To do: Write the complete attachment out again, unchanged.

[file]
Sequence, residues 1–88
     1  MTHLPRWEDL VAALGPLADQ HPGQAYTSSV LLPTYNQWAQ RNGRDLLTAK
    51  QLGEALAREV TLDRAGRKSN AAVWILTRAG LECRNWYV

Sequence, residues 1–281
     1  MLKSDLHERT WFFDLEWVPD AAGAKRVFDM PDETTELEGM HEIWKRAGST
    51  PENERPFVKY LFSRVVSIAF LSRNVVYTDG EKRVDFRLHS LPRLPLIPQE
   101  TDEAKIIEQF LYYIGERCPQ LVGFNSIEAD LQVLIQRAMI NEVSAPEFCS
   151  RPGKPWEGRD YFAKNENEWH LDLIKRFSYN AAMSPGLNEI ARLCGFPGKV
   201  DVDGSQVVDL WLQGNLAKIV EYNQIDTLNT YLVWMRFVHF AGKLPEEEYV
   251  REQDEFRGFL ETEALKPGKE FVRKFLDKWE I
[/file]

Sequence, residues 1–88
     1  MTHLPRWEDL VAALGPLADQ HPGQAYTSSV LLPTYNQWAQ RNGRDLLTAK
    51  QLGEALAREV TLDRAGRKSN AAVWILTRAG LECRNWYV

Sequence, residues 1–281
     1  MLKSDLHERT WFFDLEWVPD AAGAKRVFDM PDETTELEGM HEIWKRAGST
    51  PENERPFVKY LFSRVVSIAF LSRNVVYTDG EKRVDFRLHS LPRLPLIPQE
   101  TDEAKIIEQF LYYIGERCPQ LVGFNSIEAD LQVLIQRAMI NEVSAPEFCS
   151  RPGKPWEGRD YFAKNENEWH LDLIKRFSYN AAMSPGLNEI ARLCGFPGKV
   201  DVDGSQVVDL WLQGNLAKIV EYNQIDTLNT YLVWMRFVHF AGKLPEEEYV
   251  REQDEFRGFL ETEALKPGKE FVRKFLDKWE I